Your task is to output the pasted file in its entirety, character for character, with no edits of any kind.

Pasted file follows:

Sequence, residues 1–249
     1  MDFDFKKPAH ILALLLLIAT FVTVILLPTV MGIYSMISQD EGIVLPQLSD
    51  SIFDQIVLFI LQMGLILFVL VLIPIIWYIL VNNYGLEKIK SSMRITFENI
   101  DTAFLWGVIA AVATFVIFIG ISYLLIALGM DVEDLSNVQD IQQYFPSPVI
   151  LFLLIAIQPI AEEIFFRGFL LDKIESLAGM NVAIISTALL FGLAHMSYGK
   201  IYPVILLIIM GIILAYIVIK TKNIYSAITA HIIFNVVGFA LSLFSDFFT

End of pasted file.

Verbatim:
Sequence, residues 1–249
     1  MDFDFKKPAH ILALLLLIAT FVTVILLPTV MGIYSMISQD EGIVLPQLSD
    51  SIFDQIVLFI LQMGLILFVL VLIPIIWYIL VNNYGLEKIK SSMRITFENI
   101  DTAFLWGVIA AVATFVIFIG ISYLLIALGM DVEDLSNVQD IQQYFPSPVI
   151  LFLLIAIQPI AEEIFFRGFL LDKIESLAGM NVAIISTALL FGLAHMSYGK
   201  IYPVILLIIM GIILAYIVIK TKNIYSAITA HIIFNVVGFA LSLFSDFFT